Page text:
Asteroid 1998 OR2 will be skimming past the planet later today. Here are five facts you need to know about it.
The asteroid dubbed as (52768) 1998 OR2, will be passing through just a little bit past the moon as it makes its way around its solar orbit.
Here are five things you need to know about this celestial event:
1. It doesn’t really have a mask
1998 OR2 doesn’t really have a mask, despite reports saying that it looks like it is. The fact is, the topography of the asteroid at one end— the end that’s front-facing in most images, makes it look like it’s wearing a mask.
Anne Virkki, the head of planetary radar at the Arecibo Observatory, says in their press release that these features are interesting from a researcher’s perspective. But since the global coronavirus pandemic has been at the forefront of everybody’s minds recently, people tend to see a mask in the features.
2. It orbits our sun
The asteroid was first spotted in 1998, hence its name, and it is one of the many planetoids and asteroids that orbit the sun. OR2’s orbit is eccentric, which means it’s more of an ellipse rather than a circle, and it goes around the sun every three years and eight months, says Inverse.
As one of our cosmic neighbors, we will be crossing paths with OR2 several times again in the future. The next three visits will be 2031, 2048, and 2062, where it will continue to pose no threat to our planet.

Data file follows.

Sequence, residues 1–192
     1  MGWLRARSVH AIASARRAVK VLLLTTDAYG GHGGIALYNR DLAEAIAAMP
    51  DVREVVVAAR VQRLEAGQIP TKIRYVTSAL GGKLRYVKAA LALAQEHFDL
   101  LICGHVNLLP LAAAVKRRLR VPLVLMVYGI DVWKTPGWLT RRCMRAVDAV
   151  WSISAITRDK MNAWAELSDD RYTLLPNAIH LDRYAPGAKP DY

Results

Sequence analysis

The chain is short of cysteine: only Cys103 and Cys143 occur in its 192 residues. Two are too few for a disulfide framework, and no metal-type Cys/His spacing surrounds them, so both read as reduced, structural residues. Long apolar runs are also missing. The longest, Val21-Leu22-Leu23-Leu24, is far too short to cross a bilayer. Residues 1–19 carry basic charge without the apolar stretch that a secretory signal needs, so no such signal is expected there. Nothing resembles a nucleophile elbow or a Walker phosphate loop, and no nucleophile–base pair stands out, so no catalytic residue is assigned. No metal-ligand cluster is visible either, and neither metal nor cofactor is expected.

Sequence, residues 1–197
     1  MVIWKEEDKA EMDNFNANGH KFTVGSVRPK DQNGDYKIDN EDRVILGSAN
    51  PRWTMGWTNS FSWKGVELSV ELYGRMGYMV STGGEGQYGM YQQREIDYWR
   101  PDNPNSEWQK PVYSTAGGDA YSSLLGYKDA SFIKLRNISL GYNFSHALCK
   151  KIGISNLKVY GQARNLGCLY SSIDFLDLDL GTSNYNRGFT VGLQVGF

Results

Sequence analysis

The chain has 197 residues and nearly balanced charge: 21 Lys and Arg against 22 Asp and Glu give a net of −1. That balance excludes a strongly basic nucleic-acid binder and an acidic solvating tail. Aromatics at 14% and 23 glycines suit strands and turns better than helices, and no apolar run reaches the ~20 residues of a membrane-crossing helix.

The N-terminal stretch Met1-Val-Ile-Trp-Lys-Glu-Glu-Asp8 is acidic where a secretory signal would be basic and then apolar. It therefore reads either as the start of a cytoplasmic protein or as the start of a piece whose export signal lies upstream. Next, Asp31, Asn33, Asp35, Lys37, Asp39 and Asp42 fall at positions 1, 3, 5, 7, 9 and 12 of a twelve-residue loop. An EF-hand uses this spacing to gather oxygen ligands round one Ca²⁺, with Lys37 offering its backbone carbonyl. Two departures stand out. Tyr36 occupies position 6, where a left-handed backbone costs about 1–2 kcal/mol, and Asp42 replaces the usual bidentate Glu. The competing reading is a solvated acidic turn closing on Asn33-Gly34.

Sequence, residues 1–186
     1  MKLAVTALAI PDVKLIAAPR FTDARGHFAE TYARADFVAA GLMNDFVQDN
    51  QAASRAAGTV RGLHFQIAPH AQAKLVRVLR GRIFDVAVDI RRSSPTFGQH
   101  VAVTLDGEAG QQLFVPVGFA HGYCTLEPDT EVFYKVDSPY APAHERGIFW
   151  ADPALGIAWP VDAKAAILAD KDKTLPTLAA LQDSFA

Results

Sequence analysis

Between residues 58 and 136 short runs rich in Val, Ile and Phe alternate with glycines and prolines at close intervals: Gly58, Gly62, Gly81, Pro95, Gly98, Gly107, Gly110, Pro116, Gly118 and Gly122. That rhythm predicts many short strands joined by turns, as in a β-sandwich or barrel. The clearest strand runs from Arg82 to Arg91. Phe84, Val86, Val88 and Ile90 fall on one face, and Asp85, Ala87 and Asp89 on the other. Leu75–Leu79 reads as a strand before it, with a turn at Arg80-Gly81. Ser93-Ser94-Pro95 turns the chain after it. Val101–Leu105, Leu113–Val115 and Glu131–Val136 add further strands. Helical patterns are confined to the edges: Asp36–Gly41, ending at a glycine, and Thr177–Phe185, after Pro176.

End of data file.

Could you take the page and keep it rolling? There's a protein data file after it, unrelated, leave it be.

3. It is classified as a PHO but it isn’t dangerous– for now
The asteroid is considered to be a potentially hazardous object, or PHO, which is monitored by NASA’s Center for Near-Earth Objects (CNEOS). This department monitors all stellar objects that come or will within 7.5 million kilometers of the planet.
1998 OR2’s closest approach will be at 3.9 million kilometers, which puts it well within that range. It’s still going to be farther from the planet than the moon, however, which means the trajectory won’t be crossing paths with us for now.
It will make a closer approach in 2079, however, and it’ll be much closer to the planet than the moon will be at the time.
4. It isn’t the largest PHO
With a diameter of around 3km, 1998 OR2 is roughly the size of Manhattan island and is a fairly big PHO. Should it impact the planet at any point in time, the results would be fairly devastating.
Nevertheless, it isn’t the biggest PHO being tracked by CNEOS by far.
That distinction belongs to an asteroid named (53319) 1999 JM8. This object is around 7km in diameter, or larger than two OR2s, and reportedly looks like a rotisserie chicken in shape.
JM8 has brushed past the planet at a relatively safe distance of less than 4.9 million kilometers back in 1990. But it isn’t estimated to make any nearby approaches within the next century.
5. You can watch it fly by the earth
The asteroid will be passing through its closest point on April 29, at 5:56 a.m. EDT (0956 GMT). Amateur space enthusiasts can watch the asteroid pass through the planet with their home telescopes. Instructions on how to do so can be found on Earth Sky‘s website.